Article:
S.2.9. Projects of Common Interest

D.2.9. Projects of Common Interest

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ACER has published two Opinions on the electricity and gas draft list of PCIs

Monday, September 30, 2019

ACER has published two Opinions on the electricity and gas draft list of Projects of Common Interest, and a decision on the period for reaching an agreement on the Proposal for the Methodology for the Coordination and the Cost Sharing of Redispatching and Countertrading.

In its documents, ACER assesses the consistent application of criteria, cost-benefit analysis methodology and cross-border relevance of projects across regions, according to the EU Regulation on guidelines for trans-European energy infrastructure (Regulation (EU) No 347/2013 – TEN-E). The Opinions on electricity and gas draft PCI list also include the view of National Regulatory Authorities on specific candidate projects and provide further recommendations for future PCI selection processes.

In the Opinion No 18/2019 on the draft regional lists of proposed electricity PCIs, ACER was not able to confirm the consistent application of the criteria of TEN-E Regulation and of the cost-benefit analysis to all the candidate projects. ACER underlines that “the regional groups (RGs) should work on improving the transparency of the process and the methodologies used in the ongoing and future PCI selection processes taking into account ACER’s recommendations included in this Opinion”.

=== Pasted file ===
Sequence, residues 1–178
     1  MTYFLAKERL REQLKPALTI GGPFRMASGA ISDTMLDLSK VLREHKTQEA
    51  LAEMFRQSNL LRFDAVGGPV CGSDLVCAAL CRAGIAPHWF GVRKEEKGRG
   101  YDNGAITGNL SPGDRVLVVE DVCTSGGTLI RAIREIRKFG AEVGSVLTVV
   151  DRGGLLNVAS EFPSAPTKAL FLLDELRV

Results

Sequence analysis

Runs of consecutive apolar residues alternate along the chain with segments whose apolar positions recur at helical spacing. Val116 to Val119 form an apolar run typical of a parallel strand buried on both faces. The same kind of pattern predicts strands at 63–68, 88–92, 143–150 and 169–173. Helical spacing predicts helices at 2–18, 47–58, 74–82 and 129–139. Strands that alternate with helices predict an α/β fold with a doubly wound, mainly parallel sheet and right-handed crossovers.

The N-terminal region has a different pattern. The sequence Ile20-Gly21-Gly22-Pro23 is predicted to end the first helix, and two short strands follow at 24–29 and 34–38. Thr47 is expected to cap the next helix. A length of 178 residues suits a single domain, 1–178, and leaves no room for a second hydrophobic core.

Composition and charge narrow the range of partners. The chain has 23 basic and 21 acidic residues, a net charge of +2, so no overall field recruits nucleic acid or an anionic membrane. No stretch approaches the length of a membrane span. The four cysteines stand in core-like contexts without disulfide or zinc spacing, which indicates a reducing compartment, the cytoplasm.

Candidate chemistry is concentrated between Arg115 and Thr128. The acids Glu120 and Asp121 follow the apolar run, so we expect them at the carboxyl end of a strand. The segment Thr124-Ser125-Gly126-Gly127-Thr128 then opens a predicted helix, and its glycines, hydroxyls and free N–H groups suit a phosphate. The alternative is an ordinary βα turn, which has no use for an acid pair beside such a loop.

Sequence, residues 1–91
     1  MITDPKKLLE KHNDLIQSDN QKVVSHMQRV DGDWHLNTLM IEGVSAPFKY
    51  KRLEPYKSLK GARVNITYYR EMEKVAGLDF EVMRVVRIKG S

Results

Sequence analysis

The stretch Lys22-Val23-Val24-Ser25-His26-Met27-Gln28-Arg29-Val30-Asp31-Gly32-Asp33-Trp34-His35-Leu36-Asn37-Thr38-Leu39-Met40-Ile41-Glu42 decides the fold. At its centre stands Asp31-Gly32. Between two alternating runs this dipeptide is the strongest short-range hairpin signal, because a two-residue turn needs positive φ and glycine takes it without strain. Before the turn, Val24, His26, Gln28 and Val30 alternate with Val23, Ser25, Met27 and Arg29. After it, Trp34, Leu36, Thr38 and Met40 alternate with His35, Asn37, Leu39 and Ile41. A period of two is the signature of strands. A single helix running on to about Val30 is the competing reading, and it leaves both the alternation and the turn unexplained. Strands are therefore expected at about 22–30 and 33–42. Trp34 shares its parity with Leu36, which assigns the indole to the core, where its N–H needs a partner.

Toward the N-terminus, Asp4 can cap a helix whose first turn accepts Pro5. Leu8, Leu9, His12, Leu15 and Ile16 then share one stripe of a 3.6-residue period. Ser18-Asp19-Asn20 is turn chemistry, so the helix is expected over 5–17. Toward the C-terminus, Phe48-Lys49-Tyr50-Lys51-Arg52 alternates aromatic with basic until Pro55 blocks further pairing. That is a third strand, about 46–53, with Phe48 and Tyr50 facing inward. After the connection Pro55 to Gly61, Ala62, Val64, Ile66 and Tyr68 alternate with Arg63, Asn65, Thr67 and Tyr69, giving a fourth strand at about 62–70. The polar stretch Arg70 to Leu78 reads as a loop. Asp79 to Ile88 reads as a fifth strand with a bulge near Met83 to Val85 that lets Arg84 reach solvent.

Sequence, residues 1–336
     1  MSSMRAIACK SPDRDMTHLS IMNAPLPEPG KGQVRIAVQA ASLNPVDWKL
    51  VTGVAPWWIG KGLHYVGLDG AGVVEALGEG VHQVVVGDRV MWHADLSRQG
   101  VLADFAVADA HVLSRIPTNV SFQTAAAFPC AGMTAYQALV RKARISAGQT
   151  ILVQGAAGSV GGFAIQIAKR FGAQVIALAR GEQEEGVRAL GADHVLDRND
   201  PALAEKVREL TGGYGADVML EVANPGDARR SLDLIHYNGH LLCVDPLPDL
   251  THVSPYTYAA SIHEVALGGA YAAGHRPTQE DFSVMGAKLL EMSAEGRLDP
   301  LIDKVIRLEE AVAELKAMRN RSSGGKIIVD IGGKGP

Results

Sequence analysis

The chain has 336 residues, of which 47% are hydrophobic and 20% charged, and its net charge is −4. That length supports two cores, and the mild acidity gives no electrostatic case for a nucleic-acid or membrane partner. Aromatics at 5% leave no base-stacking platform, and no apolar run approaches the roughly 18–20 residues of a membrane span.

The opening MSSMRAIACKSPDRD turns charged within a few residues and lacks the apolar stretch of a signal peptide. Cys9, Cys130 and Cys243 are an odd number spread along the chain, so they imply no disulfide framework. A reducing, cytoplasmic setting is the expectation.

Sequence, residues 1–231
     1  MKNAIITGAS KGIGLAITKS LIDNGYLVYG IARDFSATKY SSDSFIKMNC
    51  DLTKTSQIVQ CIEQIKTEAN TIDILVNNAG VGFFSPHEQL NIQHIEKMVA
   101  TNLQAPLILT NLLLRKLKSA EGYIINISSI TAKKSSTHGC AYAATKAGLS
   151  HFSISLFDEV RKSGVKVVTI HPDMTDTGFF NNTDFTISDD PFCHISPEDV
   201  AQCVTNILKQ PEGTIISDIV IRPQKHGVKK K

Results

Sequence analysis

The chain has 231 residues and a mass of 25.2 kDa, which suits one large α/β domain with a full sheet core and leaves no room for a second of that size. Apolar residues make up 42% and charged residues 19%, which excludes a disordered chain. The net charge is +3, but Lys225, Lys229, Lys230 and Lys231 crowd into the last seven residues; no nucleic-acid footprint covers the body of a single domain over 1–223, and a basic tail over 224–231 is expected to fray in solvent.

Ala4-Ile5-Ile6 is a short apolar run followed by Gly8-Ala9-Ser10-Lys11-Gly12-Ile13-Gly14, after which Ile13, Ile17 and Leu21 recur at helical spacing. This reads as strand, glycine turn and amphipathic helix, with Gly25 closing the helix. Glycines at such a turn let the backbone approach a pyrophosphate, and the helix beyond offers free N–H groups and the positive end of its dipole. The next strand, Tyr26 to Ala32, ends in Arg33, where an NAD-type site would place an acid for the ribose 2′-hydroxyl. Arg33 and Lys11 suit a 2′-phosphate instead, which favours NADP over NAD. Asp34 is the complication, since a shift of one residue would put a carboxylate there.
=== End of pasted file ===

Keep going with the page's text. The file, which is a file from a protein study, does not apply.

In the Opinion No 19/2019 on the draft regional lists of proposed gas PCIs 2019, ACER notes the considerable improvements demonstrated in the preparation of the draft EU PCI list in terms of the procedure and the involvement of stakeholders, methodologies and methods for ranking used. However, ACER noted a number of shortcomings that will include many issues, as a lack of ability to monetise all benefits, to consider the long-term merits of some projects, a lack of full transparency of needs and project assessment methodologies; a non-replicability of the results of the application of the methodologies; a risk of a discretionary setting of thresholds which projects must meet in order to be selected for the draft PCI list; and finally the risk to not apply the assessment methodology in the same manner to all PCI candidates. Considering these issues, ACER strongly recommends taking immediate further steps leading to the remedy of the identified shortcomings, in particular in view of the fact that the duration of the project life cycle from inception to decommissioning typically exceeds decades.